The writer I was helping wrote only on Sundays. His merry-go-round with all his plot points and characters and scenes was grinding to a complete standstill every single week and that meant every Sunday he’d have to dig in his heels, bend his back, push-push-push, just to get his story up and running again. He’d have to re-read everything he’d written before to remember where he was in the book. He had to work himself up to writing because it was such a monumental chore. But, I told him, maybe if he wrote a little every day or every other day or even just jotted down ideas for his book in a notebook or read his own book every day to do minor edits…maybe that would keep his merry-go-round from coming to a complete standstill. He’d only have to put one foot down and kick a few times to get it up and running. Routine wasn’t his issue. Just his momentum.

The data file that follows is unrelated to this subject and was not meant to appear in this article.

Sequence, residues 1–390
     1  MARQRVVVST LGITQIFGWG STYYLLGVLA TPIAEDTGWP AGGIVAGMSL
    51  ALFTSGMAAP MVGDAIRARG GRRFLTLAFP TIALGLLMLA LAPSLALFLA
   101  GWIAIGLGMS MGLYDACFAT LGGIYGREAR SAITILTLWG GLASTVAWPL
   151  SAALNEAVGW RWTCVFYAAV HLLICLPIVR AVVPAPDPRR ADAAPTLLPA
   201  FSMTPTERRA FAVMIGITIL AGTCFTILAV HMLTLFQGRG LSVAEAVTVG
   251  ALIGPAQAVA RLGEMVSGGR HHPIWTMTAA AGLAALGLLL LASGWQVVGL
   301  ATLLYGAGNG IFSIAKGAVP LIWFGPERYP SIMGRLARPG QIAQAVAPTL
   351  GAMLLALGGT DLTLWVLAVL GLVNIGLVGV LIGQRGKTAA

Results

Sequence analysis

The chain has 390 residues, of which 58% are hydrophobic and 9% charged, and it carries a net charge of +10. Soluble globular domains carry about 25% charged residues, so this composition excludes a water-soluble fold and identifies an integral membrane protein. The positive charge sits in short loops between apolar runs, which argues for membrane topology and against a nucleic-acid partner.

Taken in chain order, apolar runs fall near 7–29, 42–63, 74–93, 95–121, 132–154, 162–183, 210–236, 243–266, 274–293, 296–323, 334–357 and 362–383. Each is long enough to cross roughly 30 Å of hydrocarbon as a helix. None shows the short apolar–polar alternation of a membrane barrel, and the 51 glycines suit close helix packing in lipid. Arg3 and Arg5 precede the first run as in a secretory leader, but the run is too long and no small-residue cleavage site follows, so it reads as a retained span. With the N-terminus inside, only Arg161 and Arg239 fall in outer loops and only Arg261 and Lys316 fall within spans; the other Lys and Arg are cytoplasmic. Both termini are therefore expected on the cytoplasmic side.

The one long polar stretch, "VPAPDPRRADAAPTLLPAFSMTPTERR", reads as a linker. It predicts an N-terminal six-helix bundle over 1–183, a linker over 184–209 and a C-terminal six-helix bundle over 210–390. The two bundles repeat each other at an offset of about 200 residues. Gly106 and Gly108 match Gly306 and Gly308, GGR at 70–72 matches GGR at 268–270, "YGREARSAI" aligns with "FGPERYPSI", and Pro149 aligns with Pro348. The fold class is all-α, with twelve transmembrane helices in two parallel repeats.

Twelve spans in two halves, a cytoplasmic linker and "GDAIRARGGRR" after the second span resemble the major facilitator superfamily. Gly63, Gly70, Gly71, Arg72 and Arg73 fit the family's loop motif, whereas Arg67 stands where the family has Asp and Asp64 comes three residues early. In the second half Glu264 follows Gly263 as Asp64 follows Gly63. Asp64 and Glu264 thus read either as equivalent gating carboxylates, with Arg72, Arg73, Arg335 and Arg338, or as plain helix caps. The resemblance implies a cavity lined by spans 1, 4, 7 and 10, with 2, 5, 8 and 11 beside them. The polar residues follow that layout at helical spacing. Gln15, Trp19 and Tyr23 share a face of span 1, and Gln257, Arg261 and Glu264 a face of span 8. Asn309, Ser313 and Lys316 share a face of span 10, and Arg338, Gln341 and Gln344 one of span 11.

In January I spent four days in Seattle for the ALA Midwinter Conference. Didn’t have the time or mental energy to write, but I did take my notebook with me wherever I went and jotted down notes—scene ideas, funny lines, plot points I wanted to explore (apparently in this book I will be making a Yakov Smirnoff reference—What a country!).

Taking notes was my way of kicking the ground a few times to keep the book up and spinning. I think a lot of writers imagine their book as a big rock they’re pushing up a hill and the second they stop to rest, that enormous rock will roll back down and they have to start all over. Or writers have to be sharks and when we stop writing we drown. What miserable metaphors. How exhausting and disheartening. No wonder writers are so grumpy!